DISCLAIMER: This site does not collect or share any personal information from our readers. We do not ‘phish’ or ‘troll’ or track our loyal readers.
Wednesday, March 22, 2017
Blogger Comments: Stinging words from Decatur Daily Editorial. This is what happens when you lie, cheat, and steal the public you were sworn to serve and protect.
Our local elected officials must be feeling the same sting from Ana’s deceit as well. They have worked with and believed in Sheriff Ana Franklin. She has let all of us down. We have all been betrayed.
The sheriff has a problem with contempt, Decatur Daily Editorial, March 22, 2017
Sheriff Ana Franklin’s arguments to a federal court about her use of inmate food money are disturbing. Whether or not she showed contempt for the court, she failed to respect the trust placed in her by Morgan County citizens.
Sheriff Ana Franklin’s recent arguments to a federal court may carry the day legally, but they raise serious issues for her constituents.
In 2009, the former sheriff, Greg Bartlett, entered into a consent decree that was signed by federal District Judge U.W. Clemon. A consent decree means what it says — both sides agreed to it before the judge issued the order. The decree was absolutely clear: “The Sheriff of Morgan County shall immediately establish and implement a procedure whereby all funds provided by any source for the feeding of inmates ... will be used exclusively for the feeding of said inmates ... .”
It was a significant order because it changed, for Morgan County, the archaic state law allowing sheriffs to keep excess taxpayer-funded inmate food money for themselves. It effectively decreased the maximum possible salary for the Morgan County sheriff.
Franklin understood this. Before taking office, she asked former county attorney Bill Shinn if the order applied to her. His answer: Yes. He referenced a federal rule stating she would automatically become a party to the consent decree when she became the sheriff. Bartlett couldn’t pocket money that was designated for inmate food, and neither could she.
But Franklin did it anyway. She loaned $150,000 from the inmate food account for a personal investment, a loan to an auto dealership run by a convicted felon. The company went bankrupt, and the previously convicted felon is now facing more charges. It’s hard to overstate the poor judgment that went into the sheriff’s decision.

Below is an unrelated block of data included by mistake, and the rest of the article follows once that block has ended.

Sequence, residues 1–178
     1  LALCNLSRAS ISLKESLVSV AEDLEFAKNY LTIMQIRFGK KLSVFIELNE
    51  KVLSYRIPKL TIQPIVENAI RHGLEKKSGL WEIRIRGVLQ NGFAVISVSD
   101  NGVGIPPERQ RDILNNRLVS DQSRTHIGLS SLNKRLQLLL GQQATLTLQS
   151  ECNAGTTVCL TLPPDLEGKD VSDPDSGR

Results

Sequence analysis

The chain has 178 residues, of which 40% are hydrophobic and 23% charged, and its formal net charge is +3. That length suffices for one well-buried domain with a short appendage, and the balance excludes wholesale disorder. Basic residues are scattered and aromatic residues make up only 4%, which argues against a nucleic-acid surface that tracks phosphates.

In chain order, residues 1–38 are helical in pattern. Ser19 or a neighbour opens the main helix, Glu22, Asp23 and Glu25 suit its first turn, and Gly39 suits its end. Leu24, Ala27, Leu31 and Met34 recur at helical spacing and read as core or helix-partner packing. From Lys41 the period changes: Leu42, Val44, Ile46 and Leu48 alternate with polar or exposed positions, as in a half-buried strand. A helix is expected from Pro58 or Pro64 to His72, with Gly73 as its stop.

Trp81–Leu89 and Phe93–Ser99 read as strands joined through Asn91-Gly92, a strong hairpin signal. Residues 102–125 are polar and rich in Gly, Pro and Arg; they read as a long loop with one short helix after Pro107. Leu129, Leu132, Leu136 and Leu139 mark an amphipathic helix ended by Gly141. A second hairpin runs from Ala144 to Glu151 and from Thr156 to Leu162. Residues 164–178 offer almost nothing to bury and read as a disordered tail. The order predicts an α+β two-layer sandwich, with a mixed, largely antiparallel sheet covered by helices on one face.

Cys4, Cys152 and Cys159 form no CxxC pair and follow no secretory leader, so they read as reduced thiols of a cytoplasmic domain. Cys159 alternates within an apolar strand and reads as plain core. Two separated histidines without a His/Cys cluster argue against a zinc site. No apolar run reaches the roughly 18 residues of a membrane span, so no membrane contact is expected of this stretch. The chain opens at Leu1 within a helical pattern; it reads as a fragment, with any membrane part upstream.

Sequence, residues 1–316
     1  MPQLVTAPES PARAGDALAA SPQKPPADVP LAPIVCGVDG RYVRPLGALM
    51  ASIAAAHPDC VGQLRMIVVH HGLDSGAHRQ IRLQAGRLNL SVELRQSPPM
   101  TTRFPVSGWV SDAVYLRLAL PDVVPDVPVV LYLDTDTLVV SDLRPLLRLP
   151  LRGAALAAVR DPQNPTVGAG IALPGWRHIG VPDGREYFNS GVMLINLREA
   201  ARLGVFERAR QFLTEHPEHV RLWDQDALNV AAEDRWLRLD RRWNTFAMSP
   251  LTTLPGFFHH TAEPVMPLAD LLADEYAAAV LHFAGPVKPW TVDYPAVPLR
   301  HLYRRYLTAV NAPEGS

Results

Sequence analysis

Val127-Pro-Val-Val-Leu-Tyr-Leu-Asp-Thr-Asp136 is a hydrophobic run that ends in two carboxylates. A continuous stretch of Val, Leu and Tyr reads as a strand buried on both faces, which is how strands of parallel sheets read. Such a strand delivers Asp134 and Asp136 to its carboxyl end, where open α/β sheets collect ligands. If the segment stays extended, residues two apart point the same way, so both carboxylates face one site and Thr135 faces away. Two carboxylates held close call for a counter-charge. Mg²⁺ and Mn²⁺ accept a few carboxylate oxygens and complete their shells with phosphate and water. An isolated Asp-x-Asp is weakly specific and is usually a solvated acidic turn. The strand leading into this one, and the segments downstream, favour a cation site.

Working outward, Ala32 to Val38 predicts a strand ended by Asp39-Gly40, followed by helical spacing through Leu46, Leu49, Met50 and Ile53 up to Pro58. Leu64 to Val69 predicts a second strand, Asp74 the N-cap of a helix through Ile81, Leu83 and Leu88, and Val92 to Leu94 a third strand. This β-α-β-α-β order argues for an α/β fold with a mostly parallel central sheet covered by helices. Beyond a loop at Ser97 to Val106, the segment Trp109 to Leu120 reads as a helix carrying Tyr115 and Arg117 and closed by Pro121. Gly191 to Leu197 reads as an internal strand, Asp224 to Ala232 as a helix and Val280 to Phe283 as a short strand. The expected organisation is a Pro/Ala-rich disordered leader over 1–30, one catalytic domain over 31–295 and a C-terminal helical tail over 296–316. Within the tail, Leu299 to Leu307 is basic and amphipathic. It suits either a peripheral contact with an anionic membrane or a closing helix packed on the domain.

On Friday, Franklin’s lawyers filed a brief seeking to explain why their client should not be held in contempt of the 2009 consent decree. While Franklin had previously said the ill-fated loan to the car dealership was from “savings for retirement,” her lawyers acknowledged Friday it had come from the food account. And even though they said she had every right to spend that money as her own, they also noted she had since replenished the account with her own money. The lawyers proceeded to make some reasonable arguments. The order agreed to in 2009 was too broad, they said. Bartlett, desperate to extricate himself from an earlier order naming a previous sheriff, had promised too much. It’s unfair to hold Franklin to a consent decree that was agreed to by her predecessor when he was desperate, they complained.
Time will tell whether the court is convinced by Friday’s brief, but the sheriff’s constituents have reason to be troubled.
Before Franklin even started the job, she had received advice from the county attorney that the inmate food money was not hers. State law did not matter; a specific federal order controlled use of the money in Morgan County.
Franklin had options.
One, she could have settled for her $68,000-per-year salary. If the salary was inadequate, she shouldn’t have campaigned for the job.
Two, she could have made precisely the same arguments to the court that her lawyers made Friday, but made them before she spent the taxpayer-funded money. She could have petitioned the court to amend or vacate the 2009 order, explaining that it was too cumbersome. She could have argued, as her lawyers did after the fact, that she was feeding the inmates adequately and that the consent decree was too broad.
Such an effort would have been public, though. It would have been embarrassing. And, significantly, the court might have turned her down.
So Franklin did not ask. She just took the money, like a kid raiding the cookie jar figuring it was easier to ask forgiveness if discovered than to ask permission. She rejected public records requests from The Decatur Daily, and her claim that the money was from retirement savings was, at best, misleading.
The judge will have to decide whether Franklin was in contempt of court. Either way, she showed considerable contempt for the voters and taxpayers who trusted her to be the county’s chief law enforcement officer.